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Jolinda “Josi” Case is a Spiritual Counselor who uses Tarot and Astrology (among other tools) as forms of divination. She is an avid and vigorous student of the esoteric. Josi has a great deal of experience in assisting people through major life changes such as death/dying/grief through counseling.

Josi’s main motivation is to empower others by assisting them to connect with and express their most true and authentic self. She also strives to give people the authority to feel comfortable in the pursuit of their personal Spirituality.

Josi’s formal education includes collegiate level degrees in Communications, Business and Psychology. She is also an ordained minister. In her free time (HA!), she writes a weekly column for her local paper (The Greenup Beacon), blogs on her site Shock Therapy and relaxes with her husband (“Ox”), three grown boys, two grandsons and pets (Prince, Mercury and Perseus).
 
Most recently, Josi has bonded forces with Dixie Vogel of A Fool's Journey to produce a monthly show they call Woo Woo Wonderful. The purpose of the live broadcast is to empower others with knowledge of Spirit and Mysticism.

Saturday, April 13, 2013

Red Geraniums


Have you ever wondered what it would be like to meet the Queen of Pentacles? I've met her. It was quite the experience. I learned a lot.



About twelve years ago, I worked as a Home Health Aide. It was an interesting job. However, I found that providing care to someone directly in their home was a lot different than providing care to someone in a facility.



There are good and bad sides of both. For example, in a home environment, you have a tendency to become entrenched in the person’s personal life. You meet their children, siblings, neighbors, mailman..you get the idea.



Again, this can be good or bad. In my experience, what it fostered, on the whole, was either an extremely close relationship between care provider and receiver. Or, the reaction would be just as extreme in the reverse.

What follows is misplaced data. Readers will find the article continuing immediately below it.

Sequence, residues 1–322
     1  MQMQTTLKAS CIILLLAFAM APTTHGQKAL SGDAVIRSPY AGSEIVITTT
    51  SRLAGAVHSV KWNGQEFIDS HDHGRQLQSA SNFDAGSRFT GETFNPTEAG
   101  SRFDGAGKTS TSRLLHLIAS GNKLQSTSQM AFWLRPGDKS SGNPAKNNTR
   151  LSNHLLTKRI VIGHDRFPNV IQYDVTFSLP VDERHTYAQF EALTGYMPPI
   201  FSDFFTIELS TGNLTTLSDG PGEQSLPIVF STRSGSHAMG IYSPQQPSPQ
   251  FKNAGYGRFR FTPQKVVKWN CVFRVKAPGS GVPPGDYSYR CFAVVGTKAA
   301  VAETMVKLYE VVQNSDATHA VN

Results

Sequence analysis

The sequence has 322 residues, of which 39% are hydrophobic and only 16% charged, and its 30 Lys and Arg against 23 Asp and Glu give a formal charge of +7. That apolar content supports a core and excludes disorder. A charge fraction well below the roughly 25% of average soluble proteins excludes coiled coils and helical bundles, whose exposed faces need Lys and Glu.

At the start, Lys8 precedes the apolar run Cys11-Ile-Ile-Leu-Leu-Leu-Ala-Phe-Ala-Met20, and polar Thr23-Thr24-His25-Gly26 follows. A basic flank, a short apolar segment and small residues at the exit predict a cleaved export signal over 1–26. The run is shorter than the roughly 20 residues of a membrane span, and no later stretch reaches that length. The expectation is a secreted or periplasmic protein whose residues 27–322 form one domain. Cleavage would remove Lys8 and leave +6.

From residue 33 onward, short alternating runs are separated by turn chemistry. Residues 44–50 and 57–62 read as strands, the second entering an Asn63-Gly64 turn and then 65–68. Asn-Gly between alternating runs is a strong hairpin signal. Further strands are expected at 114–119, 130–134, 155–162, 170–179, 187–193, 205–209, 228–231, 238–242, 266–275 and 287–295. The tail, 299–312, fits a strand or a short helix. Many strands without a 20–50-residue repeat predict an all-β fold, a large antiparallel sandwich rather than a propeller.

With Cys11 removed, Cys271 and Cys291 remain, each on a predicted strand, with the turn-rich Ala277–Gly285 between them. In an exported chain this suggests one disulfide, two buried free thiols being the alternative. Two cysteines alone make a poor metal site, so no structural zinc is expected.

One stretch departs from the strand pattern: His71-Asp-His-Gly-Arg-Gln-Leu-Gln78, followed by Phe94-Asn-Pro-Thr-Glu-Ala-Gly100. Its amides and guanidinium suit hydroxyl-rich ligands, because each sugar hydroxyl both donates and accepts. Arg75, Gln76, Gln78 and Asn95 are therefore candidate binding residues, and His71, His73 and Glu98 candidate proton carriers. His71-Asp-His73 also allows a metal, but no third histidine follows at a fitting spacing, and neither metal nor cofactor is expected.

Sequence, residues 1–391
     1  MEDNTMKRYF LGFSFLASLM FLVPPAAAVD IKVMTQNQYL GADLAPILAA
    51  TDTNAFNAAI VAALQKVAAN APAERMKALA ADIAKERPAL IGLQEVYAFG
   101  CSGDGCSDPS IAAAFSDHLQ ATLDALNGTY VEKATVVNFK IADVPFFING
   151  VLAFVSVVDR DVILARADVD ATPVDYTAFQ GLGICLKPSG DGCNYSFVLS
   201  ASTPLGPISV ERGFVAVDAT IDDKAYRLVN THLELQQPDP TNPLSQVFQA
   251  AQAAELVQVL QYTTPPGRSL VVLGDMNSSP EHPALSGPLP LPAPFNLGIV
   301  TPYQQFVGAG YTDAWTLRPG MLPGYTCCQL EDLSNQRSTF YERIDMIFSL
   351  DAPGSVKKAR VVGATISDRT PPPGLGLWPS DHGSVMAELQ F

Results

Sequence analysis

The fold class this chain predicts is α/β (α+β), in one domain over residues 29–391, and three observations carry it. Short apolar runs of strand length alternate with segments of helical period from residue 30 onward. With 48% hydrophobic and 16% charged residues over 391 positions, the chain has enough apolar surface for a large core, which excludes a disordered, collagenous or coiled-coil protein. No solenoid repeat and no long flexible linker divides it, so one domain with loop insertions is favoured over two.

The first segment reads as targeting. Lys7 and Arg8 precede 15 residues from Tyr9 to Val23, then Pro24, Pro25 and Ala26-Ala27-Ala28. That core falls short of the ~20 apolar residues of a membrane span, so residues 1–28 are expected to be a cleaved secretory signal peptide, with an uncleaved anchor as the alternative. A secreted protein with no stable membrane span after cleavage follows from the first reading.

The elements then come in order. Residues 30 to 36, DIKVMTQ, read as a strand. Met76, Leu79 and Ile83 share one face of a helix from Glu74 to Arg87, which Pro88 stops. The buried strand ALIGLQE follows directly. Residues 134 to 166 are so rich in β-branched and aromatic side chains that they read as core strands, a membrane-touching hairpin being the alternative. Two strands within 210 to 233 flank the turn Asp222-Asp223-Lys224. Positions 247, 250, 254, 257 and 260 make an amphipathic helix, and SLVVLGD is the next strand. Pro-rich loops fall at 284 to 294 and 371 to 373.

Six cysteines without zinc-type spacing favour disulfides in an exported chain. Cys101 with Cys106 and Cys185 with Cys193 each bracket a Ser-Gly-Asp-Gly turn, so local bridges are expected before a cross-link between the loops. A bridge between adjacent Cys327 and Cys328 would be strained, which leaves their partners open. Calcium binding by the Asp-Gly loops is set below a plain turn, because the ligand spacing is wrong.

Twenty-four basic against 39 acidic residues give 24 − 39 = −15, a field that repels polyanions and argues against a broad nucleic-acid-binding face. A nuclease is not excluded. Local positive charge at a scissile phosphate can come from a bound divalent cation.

Most of the time, when someone is receiving home care, they need only minimal assistance with activities of daily living. You are a true assistant; you are not giving total care. Socialization is key here. And, that becomes part of your job. For me, it was my favorite part. I liked getting to know people on their turf. I enjoyed meeting their extended family and sometimes being welcomed into that fold even if it was only for a short period of time.



I worked for a lady whom I’ll call Abigail. She was divorced and a mother of 4 children at a time when people didn’t just get divorced. Marriage was more of a necessity then. But, that’s a rant for a different day.



I listened to Abigail's stories about being the only single mother in a small town. A lot of it sounded like excerpts from The Scarlet Letter. Some of the judgment, snide comments and down right vile reactions her lifestyle generated were amazing. Yet, she endured. And, she was able to laugh about it later.



Needless to say, Abigail was a very strong lady. She was also a very particular and stubborn lady. When it came to helping her clean house or do laundry, I learned very quickly that I knew nothing. I learned this because she often told me.